Alex Brown and Jeff Sutherland will outline an object-oriented model for scaling Scrum across the entire business enterprise. A modular approach allows the system to function using different specific solutions for each module, which enables this approach to work successfully across a broad range of contexts unlike “tightly coupled” solutions.

There is tremendous interest today in how to scale Scrum across a complete enterprise. However, much of the thinking thus far on scaling Agile principles has focused on very proscriptive answers. They work well in one organizational context, but struggle in others. A universal enterprise framework must allow the organization to incrementally inspect and adapt it’s own structure without causing system-wide consequences.

Our answer to this dilemma borrows from the roots of Scrum and object-oriented architecture (OOA) to create loosely coupled functional modules. When Jeff and Ken originally developed Scrum, they deliberately based it on a minimalist OOA where each element functions independently and adapts to a variety of situations. The retrospective definition, for example, only includes: goals, timing, attendees and outputs, leaving teams to determine HOW to implement it. The Agile community needs a similar loosely coupled framework for scaling Scrum that can act as the “skeleton” of functions, connections, inputs and outputs to which the “muscle” of different successful practices can be connected.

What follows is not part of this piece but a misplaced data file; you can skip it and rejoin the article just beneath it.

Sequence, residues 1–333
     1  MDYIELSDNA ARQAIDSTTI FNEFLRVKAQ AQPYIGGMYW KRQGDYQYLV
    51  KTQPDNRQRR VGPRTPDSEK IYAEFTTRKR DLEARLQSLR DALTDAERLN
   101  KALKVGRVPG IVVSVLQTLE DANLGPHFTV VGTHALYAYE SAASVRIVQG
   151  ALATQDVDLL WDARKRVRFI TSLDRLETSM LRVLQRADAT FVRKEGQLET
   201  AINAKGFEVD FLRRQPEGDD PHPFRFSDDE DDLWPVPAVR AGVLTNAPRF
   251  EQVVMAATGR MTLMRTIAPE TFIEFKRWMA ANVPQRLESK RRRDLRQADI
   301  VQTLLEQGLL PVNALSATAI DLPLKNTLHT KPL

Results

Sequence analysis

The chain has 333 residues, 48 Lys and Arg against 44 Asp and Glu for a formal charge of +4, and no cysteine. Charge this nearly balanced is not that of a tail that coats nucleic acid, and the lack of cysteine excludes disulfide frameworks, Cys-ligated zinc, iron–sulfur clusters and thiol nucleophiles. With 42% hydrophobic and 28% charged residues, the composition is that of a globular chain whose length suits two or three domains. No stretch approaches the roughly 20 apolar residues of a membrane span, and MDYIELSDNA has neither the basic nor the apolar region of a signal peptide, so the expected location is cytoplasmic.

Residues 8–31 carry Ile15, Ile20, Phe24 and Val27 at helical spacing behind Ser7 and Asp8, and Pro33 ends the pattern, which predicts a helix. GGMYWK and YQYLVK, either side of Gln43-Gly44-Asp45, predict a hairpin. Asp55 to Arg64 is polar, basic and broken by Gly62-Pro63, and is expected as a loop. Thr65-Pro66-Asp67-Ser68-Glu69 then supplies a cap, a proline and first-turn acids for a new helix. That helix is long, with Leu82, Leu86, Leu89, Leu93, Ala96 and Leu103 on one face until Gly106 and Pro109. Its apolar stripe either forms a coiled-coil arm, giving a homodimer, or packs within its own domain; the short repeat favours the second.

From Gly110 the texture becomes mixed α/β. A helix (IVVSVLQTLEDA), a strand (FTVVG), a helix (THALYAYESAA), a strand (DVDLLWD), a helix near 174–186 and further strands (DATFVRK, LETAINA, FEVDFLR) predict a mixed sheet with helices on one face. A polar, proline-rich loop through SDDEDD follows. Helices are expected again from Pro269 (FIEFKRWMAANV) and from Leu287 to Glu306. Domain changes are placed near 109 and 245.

This session will: 1) lay out the full case for a modular vs. deterministic model; 2) present an overall vision for modular scaled Scrum that spans the Team, Business Unit, and Enterprise levels, and; 3) give some specific examples of different successful practices used to satisfy the overall module function. Participants will not leave this session with a cookie-cutter answer for large-scale Scrum implementations. However, it will fundamentally change the way they think about the agile processes within their organization and will equip them to lead a thoughtful exploration of what the organization really needs from scaling Scrum.

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